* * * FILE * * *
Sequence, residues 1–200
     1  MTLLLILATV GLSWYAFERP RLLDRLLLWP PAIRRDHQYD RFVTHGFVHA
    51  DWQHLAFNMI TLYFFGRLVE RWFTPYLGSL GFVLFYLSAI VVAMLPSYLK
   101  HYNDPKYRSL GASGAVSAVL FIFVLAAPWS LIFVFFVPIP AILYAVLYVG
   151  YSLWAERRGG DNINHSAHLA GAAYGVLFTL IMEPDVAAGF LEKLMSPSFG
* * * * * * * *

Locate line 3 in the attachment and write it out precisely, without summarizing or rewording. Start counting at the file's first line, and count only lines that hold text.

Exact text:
    51  DWQHLAFNMI TLYFFGRLVE RWFTPYLGSL GFVLFYLSAI VVAMLPSYLK